The Executive Suite Blog

3 Tips on How to Lead Work Teams

Posted by Warren Rutherford on Fri, Apr 20, 2012 @ 07:44 AM

There's a wealth of literature and studies concerning work teams, especially of late the “self-directed” forms of teams. Sometimes it's hard to figure out how to create these teams.  It also a challenge trying to understand all the ingredients necessary to develop them and make them tick. In order to understand how to lead work teams we need a better understanding of the process to do so.leading work teams 

Let's focus first on the management and leadership skills necessary to establish, maintain, manage, lead, and motivate the work team in your business.  A key component is ensuring that there is constant and effective communication in an atmosphere of constant change.

Embrace Opportunities for Change

One of the major skills of a seasoned leader is stopping problems before they get out of hand (or is this embracing opportunities).

Stopping Problems…The assumption is that there are going to be problems.  A question in this regard – is it a problem if you have approached it as an opportunity for dialogue and discussion, for learning?  Is your cup always half full – or half empty?

Oftentimes the pessimist in each of us will look for problems – and we will find them, especially since we are looking for them.  The world of work is ever changing, thus it might be less than realistic to presume everything will be perfect.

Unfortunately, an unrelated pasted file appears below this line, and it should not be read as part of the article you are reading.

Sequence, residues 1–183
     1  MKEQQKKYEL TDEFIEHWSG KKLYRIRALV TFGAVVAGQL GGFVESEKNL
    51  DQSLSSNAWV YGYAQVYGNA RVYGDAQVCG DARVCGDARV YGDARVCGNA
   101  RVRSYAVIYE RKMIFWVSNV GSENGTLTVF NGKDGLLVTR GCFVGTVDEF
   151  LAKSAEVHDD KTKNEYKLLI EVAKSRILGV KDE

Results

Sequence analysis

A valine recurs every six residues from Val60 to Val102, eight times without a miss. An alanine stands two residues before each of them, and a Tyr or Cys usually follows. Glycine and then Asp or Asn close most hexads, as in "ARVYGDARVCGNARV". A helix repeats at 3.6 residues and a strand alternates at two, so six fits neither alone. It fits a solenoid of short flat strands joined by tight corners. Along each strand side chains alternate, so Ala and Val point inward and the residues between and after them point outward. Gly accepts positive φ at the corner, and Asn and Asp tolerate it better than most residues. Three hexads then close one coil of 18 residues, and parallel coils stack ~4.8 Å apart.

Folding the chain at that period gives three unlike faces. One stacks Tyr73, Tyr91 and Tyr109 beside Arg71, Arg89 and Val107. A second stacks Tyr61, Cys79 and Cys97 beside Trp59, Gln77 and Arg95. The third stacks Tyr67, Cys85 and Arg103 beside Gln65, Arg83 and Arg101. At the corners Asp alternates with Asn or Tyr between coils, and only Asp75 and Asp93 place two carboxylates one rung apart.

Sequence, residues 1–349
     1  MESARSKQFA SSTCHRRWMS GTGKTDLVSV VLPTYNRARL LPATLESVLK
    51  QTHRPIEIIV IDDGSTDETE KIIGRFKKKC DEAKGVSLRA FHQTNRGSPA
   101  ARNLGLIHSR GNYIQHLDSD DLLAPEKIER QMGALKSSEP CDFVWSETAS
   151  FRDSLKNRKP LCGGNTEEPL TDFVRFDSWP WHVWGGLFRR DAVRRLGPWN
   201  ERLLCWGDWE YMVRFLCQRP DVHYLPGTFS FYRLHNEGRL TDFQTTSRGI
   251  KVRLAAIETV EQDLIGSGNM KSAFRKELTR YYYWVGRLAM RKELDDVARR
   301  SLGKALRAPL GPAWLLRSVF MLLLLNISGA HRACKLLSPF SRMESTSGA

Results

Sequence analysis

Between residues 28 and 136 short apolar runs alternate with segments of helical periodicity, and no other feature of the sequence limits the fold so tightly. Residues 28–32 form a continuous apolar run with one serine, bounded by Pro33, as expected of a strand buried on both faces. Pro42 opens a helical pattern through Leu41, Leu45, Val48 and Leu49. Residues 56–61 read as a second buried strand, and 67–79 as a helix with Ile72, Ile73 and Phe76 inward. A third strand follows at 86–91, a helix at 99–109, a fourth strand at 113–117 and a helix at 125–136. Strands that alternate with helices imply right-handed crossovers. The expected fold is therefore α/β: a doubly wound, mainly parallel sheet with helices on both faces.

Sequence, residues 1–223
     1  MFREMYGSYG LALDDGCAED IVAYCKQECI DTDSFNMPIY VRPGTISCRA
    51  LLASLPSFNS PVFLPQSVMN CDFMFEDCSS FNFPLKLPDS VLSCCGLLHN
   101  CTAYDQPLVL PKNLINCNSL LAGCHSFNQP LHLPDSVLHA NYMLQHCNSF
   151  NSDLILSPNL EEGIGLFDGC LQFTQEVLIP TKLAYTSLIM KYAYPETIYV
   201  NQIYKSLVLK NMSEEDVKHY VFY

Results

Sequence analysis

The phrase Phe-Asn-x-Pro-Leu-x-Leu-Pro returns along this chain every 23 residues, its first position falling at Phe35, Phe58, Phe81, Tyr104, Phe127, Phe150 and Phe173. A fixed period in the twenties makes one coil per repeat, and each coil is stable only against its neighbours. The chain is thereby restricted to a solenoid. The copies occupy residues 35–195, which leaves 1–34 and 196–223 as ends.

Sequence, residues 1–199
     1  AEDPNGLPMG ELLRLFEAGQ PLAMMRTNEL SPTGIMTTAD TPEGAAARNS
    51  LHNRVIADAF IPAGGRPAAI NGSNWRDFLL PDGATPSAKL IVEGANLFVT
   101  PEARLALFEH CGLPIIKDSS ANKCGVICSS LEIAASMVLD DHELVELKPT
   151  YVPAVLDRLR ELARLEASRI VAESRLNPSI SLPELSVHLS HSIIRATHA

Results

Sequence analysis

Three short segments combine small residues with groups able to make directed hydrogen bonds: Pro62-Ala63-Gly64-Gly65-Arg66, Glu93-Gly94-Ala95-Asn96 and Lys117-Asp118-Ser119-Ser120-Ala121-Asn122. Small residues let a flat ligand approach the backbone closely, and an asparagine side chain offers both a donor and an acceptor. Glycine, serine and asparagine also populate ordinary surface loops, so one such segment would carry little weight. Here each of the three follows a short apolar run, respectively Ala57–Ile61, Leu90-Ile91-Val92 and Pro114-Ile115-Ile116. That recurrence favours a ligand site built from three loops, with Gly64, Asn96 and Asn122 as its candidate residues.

The optimist in each of us looks at the pessimist’s problem and considers it an opportunity for discussion.  Keep this in mind as we discuss how to lead work teams.

Pay Attention to the Leaky Bucket

Next, consider that leaky bucket.  At first, when the leak starts it is a very slow, occasional drip.  If not attended to, the leak becomes steadier, regular, and can grow into a very big stream of water.  The observant manager will look for the slow, occasional drips – often characterized by a response to an information or task request – a blank stare, a look of hesitation, or a voice that demonstrates some level of uncertainty, perhaps lack of confidence or lack of clarity or understanding.

It is your interest in understanding – your empathetic ability – that needs tuning here.  There are small clues in a person’s face, voice, or posture that alert us to be on guard.  A manager who tunes in by genuinely caring about the members of the work team and is sensitive to and aware of their feelings will be able to sense better when the bucket is starting a leak – and will understand how to effectively stop the leak.

Let People Know You Are Approachable

Now that you are aware of that leak, here is an opportunity to discuss it with your team member.  Empathy is a talent – embracing the opportunity is a skill.  Think of a series of questions to identify the challenge: “Excuse me, but I can’t help but noticing, is there something we need to talk about?”  “Would it be helpful for me to explain what we need again?”  “Can you explain to me how you will accomplish this task?”  “Is it o.k. for us to explore together how this might develop?”

When your team members:

  • understand you are approachable,
  • are willing to confide in you,
  • understand that you can talk frankly with them so that they can perform their functions better,
  • understand that you will not betray them, and
  • see that you demonstrate by example that you can maintain good relationships with others inside and outside the organization –

You will be able to reduce the number of true leaks through the development of a pro-active, caring, leadership approach.

On a scale of 1 to 10, 10 being the highest, what is your Embracement Level, your Leaky Bucket Attention Level, and your Approachability Level?  Do you know how to lead work teams?  Let us know.

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